Google’s voice assistant has been around for a while now and when Amazon released its Alexa API and ported the PaaS Cloud code to the Raspberry Pi 2 it was just a matter of time before everyone else jumped on the fast train to maker kingdom. Google just did it in style.
Few know that the Google Assistant API for the Raspberry Pi 3 has been out there for some time now but when they decided to give away a free kit with the May 2017 issues of MagPi magazine, they made an impression on everyone. Unfortunately the world has more makers and hackers and the number of copies of the magazine are limited.
In this writeup, I layout the DIY version of the AIY kit for everyone else who wants to talk to a cardboard box. I take a closer look at the free kit, take it apart, put it together and replace it with DIY magic. To make things more convenient, I also designed an enclosure that you can 3D print to complete the kit. Lets get started.
A shout out to my friend [Shabaz] in the UK for sending me a copy of the MagPi. The “Google AIY Projects Voice Kit”(henceforth known as the kit) contains two PCBs and a bunch of other stuff. The Voice HAT which looks like a Sound-Card-On-A-Diet has very limited number of components. I will detail each section and draw the KiCAD schematic for the same one by one
Starting from the left side, there are 6 sets of 3-pin headers that are labelled ‘Servos’. The intended servo control is made possible using the Raspberry Pi 3’s on-board PWM module. Each set has a GPIO pin, 5V and GND connection. The GPIO pin does not connect directly to the Raspberry Pi 3’s header but rather through 220Ohm current limiting resistors (labelled R1-R6).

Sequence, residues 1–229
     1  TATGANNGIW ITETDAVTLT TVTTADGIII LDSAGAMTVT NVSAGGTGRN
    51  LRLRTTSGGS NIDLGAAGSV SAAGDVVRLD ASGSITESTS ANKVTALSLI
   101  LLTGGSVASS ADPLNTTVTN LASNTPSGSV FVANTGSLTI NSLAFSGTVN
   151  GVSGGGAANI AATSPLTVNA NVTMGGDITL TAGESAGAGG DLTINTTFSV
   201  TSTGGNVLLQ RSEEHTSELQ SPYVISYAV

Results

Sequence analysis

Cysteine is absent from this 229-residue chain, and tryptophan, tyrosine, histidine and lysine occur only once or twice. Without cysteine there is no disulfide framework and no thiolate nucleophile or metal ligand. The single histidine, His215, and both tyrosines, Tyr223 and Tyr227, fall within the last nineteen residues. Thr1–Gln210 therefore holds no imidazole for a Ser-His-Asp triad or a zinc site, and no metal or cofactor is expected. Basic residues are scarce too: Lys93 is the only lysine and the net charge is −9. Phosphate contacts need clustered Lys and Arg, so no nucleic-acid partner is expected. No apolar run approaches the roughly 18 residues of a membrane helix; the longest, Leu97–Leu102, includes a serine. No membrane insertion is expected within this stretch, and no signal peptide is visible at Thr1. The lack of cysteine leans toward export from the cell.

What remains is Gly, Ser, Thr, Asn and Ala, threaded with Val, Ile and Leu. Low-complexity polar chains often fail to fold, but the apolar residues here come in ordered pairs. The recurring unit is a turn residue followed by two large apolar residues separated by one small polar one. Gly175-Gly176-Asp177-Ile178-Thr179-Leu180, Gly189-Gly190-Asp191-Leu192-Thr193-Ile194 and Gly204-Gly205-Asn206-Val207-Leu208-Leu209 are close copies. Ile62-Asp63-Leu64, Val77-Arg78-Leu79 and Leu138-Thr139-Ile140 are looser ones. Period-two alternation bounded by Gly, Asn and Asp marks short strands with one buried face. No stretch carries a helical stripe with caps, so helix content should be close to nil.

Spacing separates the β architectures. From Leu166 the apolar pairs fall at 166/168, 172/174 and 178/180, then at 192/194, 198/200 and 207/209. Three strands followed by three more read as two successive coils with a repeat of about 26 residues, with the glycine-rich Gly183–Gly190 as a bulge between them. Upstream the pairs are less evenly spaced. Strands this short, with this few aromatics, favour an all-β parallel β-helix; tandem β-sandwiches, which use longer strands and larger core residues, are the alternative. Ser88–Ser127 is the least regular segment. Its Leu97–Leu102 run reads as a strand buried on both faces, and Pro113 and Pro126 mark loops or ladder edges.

Just south of these are devices labeled Q5 and Q6 which I am assuming are part of a power supply selection circuit. Correct me if I am wrong but here is my estimate. The working is simple where Q5 only turns ON when the input voltage is greater than the 5V from the USB port. A simple comparator should do so I am using the LM393 for reference.
North of the ‘Servo’ headers is J15 labelled I2C that directly connect to the Raspberry Pi 3 header. That means these should not be connected to anything with 5V pull-ups. They are not being used on the board but we will discuss more on this later. Right next to it is the SPI and 2-pin UART headers. Again these connect directly to the main header and serve only as a breakout.
The DAC and EEPROM
A little lower and we arrive at the boxed circuit with a 16-Pin QFN marked ‘AKK BDQ’. This is the Maxim MAX98357A(PDF) which is an I2S DAC with a class D amplifier. It drives the speaker directly however since there is only one output, it can only be mono or combined stereo. It’s still pretty rocking for the budget.